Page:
You don’t need to be a birder to know that most birds above the equator fly from temperate northern climes to more tropical southern locales for the winter. Changes in light, temperature, and food availability trigger the instinct to migrate, an urge so powerful that only a really well-stocked backyard bird feeder can override it.
Migratory birds follow a variety of routes, most of which are are far more complicated than just due south. Every species has its own path. However, traffic is definitely heaviest along the coasts, mountain ranges, and principal river valleys. Birds may use celestial bodies or the Earth’s magnetic field to steer their way but they also depend on major topographical features to aid in navigation. In North America, our coasts as well as most of our mountain chains and major river valleys follow a north/south orientation. Thus, geography conspires to funnel migratory activity down certain obvious corridors. These routes used by migratory birds for passage between wintering and breeding ranges are called flyways.
As one might expect, the Atlantic Flyway includes the shore line from the eastern Arctic islands and the coast of Greenland down through to Florida. However, birds merge into the Atlantic Flyway from as far west as the northern coast of Alaska. Canada’s northern prairies feed into this flyway as it filters through the Great Lakes on to Chesapeake Bay.
The Mississippi Flyway is etched not by one mighty river, but by two. The Great Muddy, of course, runs to the Gulf of Mexico while the Mackenzie River issues to arctic waters. From the mouth of one river to the end of the next, this 3000-mile flyway is blessedly clear, unimpeded by mountains.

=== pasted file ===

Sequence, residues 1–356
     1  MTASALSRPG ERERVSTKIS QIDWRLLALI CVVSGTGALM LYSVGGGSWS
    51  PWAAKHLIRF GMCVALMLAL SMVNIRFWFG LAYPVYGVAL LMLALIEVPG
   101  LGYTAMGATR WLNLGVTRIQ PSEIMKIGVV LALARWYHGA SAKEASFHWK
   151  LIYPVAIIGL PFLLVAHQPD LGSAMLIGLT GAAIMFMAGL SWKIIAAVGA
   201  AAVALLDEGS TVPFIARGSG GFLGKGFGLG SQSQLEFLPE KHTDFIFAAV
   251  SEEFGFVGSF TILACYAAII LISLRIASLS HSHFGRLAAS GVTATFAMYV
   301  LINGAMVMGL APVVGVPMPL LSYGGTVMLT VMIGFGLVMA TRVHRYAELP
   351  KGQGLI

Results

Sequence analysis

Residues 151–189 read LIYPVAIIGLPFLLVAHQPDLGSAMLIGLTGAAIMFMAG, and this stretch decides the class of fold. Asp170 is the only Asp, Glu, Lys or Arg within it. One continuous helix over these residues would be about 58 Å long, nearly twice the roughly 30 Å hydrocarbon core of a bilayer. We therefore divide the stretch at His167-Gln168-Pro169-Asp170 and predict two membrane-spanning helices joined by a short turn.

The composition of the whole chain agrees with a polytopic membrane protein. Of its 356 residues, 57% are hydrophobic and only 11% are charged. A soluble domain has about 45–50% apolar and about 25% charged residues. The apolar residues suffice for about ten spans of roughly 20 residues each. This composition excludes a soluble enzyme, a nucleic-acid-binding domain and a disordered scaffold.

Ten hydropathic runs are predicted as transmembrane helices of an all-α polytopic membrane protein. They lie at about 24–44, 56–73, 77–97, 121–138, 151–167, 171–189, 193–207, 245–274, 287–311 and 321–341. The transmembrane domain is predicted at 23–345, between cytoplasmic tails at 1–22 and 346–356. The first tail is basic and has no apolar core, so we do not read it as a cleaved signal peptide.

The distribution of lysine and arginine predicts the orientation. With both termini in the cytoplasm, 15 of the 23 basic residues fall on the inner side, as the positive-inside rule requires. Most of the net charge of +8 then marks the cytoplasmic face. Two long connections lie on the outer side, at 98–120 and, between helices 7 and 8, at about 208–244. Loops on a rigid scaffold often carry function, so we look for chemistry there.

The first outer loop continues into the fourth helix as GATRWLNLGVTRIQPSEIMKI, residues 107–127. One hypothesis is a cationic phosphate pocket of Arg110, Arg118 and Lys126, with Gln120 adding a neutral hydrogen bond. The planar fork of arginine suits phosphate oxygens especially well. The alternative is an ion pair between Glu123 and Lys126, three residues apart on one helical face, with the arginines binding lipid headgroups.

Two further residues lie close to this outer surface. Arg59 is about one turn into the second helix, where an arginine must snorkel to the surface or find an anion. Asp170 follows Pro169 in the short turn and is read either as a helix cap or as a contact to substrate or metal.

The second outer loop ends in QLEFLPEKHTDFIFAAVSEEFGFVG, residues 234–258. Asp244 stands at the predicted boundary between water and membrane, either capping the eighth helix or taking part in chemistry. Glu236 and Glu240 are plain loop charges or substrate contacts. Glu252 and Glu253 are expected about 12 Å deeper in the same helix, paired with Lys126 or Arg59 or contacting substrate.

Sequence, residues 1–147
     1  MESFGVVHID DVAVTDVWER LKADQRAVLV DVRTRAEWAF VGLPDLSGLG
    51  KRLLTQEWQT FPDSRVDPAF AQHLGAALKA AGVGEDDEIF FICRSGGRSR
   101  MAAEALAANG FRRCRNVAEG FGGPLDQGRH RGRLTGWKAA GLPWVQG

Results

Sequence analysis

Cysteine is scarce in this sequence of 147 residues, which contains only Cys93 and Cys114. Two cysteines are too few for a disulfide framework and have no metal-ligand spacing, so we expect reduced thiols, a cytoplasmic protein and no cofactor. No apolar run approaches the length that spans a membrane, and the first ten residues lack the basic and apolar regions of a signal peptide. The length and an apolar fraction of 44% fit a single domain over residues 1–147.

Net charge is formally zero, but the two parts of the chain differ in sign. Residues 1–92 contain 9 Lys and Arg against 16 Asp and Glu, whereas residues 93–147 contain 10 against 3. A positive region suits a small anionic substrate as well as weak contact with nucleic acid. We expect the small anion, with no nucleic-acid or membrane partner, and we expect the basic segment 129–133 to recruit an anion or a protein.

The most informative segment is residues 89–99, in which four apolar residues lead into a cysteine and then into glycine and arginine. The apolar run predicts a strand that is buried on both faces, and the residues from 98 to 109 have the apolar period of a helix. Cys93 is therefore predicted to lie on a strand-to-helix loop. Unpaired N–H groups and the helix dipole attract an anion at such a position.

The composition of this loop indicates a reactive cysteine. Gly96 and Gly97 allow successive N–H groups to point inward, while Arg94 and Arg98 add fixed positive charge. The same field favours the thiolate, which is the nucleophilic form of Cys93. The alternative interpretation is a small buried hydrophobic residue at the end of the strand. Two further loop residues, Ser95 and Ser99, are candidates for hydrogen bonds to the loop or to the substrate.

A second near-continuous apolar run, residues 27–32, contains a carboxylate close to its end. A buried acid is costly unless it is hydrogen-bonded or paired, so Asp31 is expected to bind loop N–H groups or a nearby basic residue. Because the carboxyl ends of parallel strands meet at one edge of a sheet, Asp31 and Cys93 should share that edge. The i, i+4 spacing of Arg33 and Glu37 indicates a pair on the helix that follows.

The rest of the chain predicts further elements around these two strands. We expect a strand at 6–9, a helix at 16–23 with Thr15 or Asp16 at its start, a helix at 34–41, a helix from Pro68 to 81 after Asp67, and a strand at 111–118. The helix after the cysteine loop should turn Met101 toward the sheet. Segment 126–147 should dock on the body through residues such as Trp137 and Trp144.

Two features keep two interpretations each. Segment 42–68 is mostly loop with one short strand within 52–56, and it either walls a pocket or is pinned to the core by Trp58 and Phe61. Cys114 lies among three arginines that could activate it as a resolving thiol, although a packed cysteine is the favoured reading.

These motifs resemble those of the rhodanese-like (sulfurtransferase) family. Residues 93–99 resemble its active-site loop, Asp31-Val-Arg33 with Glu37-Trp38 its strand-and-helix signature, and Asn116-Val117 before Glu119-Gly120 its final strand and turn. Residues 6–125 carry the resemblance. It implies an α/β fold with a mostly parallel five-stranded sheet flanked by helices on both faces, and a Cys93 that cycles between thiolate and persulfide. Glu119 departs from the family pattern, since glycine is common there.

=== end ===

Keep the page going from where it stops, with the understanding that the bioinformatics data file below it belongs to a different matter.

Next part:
The Central Flyway flows along with the icy waters of the Mackenzie as well, but diverges to follow the eastern base of the Rocky Mountains. It draws birds from the Great Plains, crosses the Continental Divide, and runs through the Great Salt Lake Valley right into Mexico.
The Pacific Flyway connects the western Arctic, including Alaska and the Aleutian Islands, to western Mexico via the Rocky Mountains and Pacific Coast. Rather than pass through customs, many birds choose to winter in California.
Each of these flyways represents a general path, a corridor that may be hundreds of miles wide in some places. Even the most focused flyway branches off into thousands of tributaries. Birds ply each of these smaller flyways according to their custom and can be counted on to return year after year. Birders can also be counted on to return to these flyways year after year.
Many hunters are probably more aware than birders of the geographical boundaries of the major flyways, thanks to the Flyway Councils. Flyway Councils, formed in 1952, work with the U.S. Fish and Wildlife Service to set migratory bird hunting regulations within the United States. They also conduct and contribute to migratory bird research and management throughout North America. There are, of course, four Flyway Councils. You can probably guess their names…